Anti-government forces backed by rebel army troops are in control of the city closest to the capital Tripoli.
An Associated Press reporter who arrived today in Zawiya, 30 miles west of Tripoli, said forces loyal to long-time ruler Muammar Gaddafi are surrounding the city of 200,000. But anti-government rebels and troops allied with them are in control of the city centre.
Police stations and government offices have been torched and anti-Gaddafi graffiti is everywhere. Many buildings in the city are pockmarked by bullet holes.
"Gaddafi Out," chanted hundreds in the city centre, where army tanks controlled by rebels are deployed.
Gaddafi loyalists remain in control of Tripoli.
In earlier developments a member of the Benghazi city council said the Libyan cities under rebel control have appointed an ex-justice minister to lead a provisional government.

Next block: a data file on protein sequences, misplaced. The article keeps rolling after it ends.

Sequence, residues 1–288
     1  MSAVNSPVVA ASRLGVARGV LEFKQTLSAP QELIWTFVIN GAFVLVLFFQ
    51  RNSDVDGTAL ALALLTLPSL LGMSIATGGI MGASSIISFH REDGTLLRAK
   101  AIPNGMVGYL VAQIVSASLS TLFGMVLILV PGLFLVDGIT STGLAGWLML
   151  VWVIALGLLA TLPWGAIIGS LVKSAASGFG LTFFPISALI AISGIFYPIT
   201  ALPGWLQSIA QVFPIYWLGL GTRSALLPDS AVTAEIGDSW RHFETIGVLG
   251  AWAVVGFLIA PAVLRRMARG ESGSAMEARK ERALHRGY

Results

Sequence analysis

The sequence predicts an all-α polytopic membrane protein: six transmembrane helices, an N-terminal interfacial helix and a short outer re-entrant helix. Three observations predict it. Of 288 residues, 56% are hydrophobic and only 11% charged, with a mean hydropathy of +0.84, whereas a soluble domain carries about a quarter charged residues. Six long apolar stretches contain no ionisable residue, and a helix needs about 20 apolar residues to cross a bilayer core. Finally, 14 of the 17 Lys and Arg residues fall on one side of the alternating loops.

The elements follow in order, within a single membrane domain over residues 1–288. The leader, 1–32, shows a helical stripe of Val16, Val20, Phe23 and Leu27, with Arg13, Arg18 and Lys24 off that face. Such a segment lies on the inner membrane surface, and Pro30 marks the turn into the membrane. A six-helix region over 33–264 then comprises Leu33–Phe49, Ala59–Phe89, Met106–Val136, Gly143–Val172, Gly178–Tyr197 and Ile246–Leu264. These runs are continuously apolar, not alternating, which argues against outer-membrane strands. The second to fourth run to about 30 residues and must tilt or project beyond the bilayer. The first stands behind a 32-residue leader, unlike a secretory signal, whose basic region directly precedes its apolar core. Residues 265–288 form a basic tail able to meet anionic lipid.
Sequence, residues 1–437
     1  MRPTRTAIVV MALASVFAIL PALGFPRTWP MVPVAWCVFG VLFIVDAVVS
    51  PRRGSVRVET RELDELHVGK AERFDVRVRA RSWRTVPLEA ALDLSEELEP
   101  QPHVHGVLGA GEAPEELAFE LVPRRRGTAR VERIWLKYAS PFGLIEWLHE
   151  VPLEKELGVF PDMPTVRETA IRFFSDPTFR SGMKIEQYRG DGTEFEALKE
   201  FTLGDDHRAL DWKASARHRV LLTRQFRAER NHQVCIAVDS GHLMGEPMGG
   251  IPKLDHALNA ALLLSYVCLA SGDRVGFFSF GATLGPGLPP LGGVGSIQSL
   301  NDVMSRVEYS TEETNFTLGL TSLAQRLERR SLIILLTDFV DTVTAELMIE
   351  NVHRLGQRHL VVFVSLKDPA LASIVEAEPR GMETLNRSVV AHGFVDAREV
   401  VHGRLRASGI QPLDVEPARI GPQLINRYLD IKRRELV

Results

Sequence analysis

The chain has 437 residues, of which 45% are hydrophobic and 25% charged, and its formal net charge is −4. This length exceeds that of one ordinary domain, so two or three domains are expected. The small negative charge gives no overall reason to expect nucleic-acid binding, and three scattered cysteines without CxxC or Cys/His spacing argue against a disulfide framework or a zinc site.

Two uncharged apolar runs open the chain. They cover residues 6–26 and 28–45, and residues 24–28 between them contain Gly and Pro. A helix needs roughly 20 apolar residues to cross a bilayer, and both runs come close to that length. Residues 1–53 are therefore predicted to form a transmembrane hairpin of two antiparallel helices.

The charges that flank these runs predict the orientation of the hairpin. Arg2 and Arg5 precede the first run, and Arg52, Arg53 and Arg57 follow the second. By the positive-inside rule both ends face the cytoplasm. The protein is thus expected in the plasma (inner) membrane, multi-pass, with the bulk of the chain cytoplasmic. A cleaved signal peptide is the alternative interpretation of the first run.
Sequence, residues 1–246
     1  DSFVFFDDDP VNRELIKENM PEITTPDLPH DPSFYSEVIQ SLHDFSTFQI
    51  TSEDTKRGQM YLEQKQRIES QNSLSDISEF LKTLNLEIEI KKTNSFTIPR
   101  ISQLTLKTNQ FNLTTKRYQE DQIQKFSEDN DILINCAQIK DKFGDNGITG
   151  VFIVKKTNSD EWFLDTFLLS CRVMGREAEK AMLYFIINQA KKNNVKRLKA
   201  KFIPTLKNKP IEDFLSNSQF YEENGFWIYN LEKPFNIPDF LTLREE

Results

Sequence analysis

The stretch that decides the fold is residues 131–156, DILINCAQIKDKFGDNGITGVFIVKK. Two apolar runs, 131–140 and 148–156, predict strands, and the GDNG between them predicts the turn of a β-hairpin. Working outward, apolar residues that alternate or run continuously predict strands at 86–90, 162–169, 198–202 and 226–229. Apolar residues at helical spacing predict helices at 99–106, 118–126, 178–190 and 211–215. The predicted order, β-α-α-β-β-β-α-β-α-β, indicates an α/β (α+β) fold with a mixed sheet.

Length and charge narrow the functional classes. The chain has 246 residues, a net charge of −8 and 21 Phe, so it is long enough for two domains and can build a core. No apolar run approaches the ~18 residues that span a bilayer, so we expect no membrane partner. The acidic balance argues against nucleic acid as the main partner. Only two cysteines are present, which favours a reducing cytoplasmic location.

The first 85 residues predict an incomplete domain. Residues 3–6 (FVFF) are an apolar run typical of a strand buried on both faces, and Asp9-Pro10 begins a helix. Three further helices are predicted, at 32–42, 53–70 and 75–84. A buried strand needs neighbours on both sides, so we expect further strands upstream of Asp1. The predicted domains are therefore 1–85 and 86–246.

Fathi Baja said opponents of Libyan dictator Muammar Gaddafi named Mustafa Abdel-Jalil to the provisional leadership post.
Mr Baja said that Mr Abdel-Jalil was chosen by the committees running the eastern Libyan cities now in the rebellion's hands.
On Saturday, Libya's top envoy to the US also said Gaddafi opponents were rallying behind efforts to form an alternative government led by Mr Abdel-Jalil, who has criticised Gaddafi's brutal crackdown on protesters.
The uprising against Gaddafi began in Benghazi on February 15. The rebels now control most of the eastern half of the country.
And the UN Security Council voted unanimously to impose sanctions on Libyan leader, his five adult children and top associates.
Voting after a day of discussions - interrupted at times for consultations with home capitals - council members agreed to freeze the assets of Mr Gaddafi, his four sons and one daughter, and to ban travel by the whole family plus 10 close associates.